Lotus Matches Sapien in Single-Center Study, but Pacemaker Use Poses Questions
Potential long-term risks of PPM remain unknown as TAVR moves into younger patients, say experts.
A comparison of the repositionable and retrievable Lotus (Boston Scientific) transcatheter heart valve with the balloon-expandable Sapien 3 (Edwards Lifesciences) device suggests the two valves result in similar 30-day, 12-month, and 2-year clinical outcomes.
There were differences between the valves, however, with the researchers reporting Lotus was associated with a trend toward a lower risk of aortic regurgitation after TAVR.
Use of Lotus was associated with a significantly increased risk of permanent pacemaker implantation. At 30 days, 36.1% of patients treated with the mechanically deployed Lotus received a permanent pacemaker compared with 15.4% of those treated with Sapien 3.
To TCTMD, senior investigator Jochen Wöhrle, MD (University of Ulm, Germany), said the rate of pacemaker implantation in their center is in line with that observed in REPRISE III, a head-to-head study comparing Lotus against CoreValve and the next-generation Evolut R device (both Medtronic). In REPRISE III, the 30-day rate of pacemaker implantation was 35.5% with Lotus and 19.6% with CoreValve.
At the present moment, Wöhrle said they are not put off by the higher rate of permanent pacemaker implantation when using the Lotus valve system.
“We’re not afraid of using Lotus with the higher rate of pacemaker implantation, because there’s no data showing that a pacemaker does any harm to the patient,” he said. “It is an invasive procedure, which could result in some complications, but if the patient has the pacemaker, there is no long-term negative impact. On the other hand, if you move into low-risk patients, or patients with severely reduced left ventricular function, it could have an impact on long-term results. We just don’t know yet.”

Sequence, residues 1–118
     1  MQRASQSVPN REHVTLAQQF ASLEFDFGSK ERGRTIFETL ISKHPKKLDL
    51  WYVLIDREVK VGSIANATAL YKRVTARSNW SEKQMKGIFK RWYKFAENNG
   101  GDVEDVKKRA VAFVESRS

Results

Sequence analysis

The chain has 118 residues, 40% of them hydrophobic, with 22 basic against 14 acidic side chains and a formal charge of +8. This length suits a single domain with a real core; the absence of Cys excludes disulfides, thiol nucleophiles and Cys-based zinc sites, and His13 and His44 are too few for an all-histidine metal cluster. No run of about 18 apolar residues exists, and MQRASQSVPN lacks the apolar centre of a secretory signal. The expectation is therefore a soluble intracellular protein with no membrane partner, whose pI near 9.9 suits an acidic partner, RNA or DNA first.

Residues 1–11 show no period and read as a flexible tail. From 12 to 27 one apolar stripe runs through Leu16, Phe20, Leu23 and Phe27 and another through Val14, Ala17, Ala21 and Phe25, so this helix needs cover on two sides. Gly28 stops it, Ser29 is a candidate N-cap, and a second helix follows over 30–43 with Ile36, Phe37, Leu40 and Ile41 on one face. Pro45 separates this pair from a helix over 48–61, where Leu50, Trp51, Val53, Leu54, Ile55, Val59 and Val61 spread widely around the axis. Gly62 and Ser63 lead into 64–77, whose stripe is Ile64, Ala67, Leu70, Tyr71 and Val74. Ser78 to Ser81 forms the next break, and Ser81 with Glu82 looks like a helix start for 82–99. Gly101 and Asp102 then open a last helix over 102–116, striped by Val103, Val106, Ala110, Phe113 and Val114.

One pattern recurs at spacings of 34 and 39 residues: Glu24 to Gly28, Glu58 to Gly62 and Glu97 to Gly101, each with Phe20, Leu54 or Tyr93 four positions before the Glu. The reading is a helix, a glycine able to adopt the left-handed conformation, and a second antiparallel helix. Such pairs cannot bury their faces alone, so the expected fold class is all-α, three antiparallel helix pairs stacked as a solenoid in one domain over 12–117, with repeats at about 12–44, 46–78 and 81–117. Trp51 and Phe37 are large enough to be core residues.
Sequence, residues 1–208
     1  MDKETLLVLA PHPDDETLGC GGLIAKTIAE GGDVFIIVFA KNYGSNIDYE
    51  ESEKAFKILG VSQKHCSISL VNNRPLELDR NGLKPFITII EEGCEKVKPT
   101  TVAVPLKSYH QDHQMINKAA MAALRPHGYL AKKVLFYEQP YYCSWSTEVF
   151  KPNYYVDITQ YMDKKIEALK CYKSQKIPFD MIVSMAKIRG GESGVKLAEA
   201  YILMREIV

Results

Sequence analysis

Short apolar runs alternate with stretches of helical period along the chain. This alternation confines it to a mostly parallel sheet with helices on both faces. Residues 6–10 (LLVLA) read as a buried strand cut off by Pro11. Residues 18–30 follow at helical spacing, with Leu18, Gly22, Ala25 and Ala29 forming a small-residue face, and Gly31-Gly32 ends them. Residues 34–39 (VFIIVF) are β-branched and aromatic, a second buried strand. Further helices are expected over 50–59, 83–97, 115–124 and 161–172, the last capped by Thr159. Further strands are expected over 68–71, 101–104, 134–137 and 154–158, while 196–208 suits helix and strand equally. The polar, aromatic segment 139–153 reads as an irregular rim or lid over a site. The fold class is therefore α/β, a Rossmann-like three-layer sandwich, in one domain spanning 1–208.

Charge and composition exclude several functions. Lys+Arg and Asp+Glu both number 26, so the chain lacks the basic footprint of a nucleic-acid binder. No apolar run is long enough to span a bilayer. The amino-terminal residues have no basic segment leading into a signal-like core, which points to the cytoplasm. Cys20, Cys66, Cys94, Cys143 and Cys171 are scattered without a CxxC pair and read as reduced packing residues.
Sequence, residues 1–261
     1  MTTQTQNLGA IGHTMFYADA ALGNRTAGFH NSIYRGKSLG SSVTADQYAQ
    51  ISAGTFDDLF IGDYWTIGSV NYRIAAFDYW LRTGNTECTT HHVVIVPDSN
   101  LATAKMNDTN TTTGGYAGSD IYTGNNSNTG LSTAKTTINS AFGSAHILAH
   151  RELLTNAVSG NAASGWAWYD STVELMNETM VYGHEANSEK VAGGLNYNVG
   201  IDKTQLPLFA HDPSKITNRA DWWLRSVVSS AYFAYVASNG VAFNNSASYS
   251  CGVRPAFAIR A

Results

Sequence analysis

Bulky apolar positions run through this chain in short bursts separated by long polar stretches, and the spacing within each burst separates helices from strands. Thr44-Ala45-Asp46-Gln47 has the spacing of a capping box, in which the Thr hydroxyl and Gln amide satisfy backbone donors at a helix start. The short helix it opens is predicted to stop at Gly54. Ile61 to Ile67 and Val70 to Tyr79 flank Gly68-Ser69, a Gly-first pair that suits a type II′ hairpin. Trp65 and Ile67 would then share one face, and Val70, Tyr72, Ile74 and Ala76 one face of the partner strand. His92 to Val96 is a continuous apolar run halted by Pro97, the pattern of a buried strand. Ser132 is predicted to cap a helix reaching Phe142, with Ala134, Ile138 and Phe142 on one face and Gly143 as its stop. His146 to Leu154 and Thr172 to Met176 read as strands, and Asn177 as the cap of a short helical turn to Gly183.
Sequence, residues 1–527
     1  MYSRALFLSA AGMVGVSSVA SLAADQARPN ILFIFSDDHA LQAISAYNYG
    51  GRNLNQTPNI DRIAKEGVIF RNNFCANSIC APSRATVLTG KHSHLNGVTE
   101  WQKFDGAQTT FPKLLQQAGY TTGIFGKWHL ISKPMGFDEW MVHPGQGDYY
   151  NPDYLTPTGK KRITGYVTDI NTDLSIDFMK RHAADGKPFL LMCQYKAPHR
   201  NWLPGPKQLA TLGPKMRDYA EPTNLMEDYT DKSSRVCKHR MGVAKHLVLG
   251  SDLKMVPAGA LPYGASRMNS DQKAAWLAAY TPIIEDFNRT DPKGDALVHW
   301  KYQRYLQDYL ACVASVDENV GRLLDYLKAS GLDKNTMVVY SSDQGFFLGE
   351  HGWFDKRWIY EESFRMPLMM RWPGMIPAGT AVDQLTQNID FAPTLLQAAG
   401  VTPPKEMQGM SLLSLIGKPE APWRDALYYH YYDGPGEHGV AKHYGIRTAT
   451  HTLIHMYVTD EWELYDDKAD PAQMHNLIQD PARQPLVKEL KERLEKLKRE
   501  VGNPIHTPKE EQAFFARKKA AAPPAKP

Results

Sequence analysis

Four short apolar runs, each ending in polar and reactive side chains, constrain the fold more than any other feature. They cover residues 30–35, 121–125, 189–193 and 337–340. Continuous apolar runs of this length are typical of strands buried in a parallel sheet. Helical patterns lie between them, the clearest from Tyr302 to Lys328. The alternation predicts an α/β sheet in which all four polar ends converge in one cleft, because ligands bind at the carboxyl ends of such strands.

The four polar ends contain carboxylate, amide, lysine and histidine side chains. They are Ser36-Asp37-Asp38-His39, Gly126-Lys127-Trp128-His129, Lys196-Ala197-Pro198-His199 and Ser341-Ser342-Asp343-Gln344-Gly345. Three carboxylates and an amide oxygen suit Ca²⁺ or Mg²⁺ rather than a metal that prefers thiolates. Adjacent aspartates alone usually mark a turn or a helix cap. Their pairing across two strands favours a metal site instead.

While the clinical implications of pacemaker implantation remain debatable, Wöhrle cited data from the recent SURTAVI trial, which included intermediate-risk patients treated with CoreValve/Evolut R. In 2-year follow-up, there was no difference in clinical outcomes among patients who received a pacemaker after TAVR and those who did not, said Wöhrle.
Largest European Experience With Lotus
The new data, published May 31, 2017, in Circulation: Cardiovascular Interventions, included 202 consecutive intermediate-risk, high-risk, and inoperable patients treated with Lotus and 335 patients treated with Sapien 3 between 2014 and 2016 at the University of Ulm. Wöhrle said the Lotus and Sapien 3 devices are both workhorse valves at their clinical center and their experience with Lotus is extensive compared with other European hospitals.
In the study, the researchers matched the 202 Lotus-treated patients with 202 individuals treated with Sapien 3 based on patient characteristics and baseline aortic valve parameters.
At 30 days, the Valve Academic Research Consortium-2 early safety endpoint—a composite that includes all-cause mortality, disabling/nondisabling stroke, major vascular complications, life-threatening bleeding, need for repeat procedures, and acute kidney injury—was not statistically different between the two devices (6.9% with Sapien 3 vs 7.4% with Lotus; P = 0.85). All-cause mortality at 30 days was 2.5% with Sapien 3 and 1.9% with Lotus, a nonsignificant difference.
Similarly, longer-term follow-up showed no difference in clinical outcomes with the valves. At 1 year, all-cause and cardiovascular mortality were 15.8% and 9.3%, respectively, in the Sapien 3 group and 13.8% and 5.2%, respectively, in the Lotus-treated patients. The 2-year clinical outcomes, including mortality, were no different between the valves.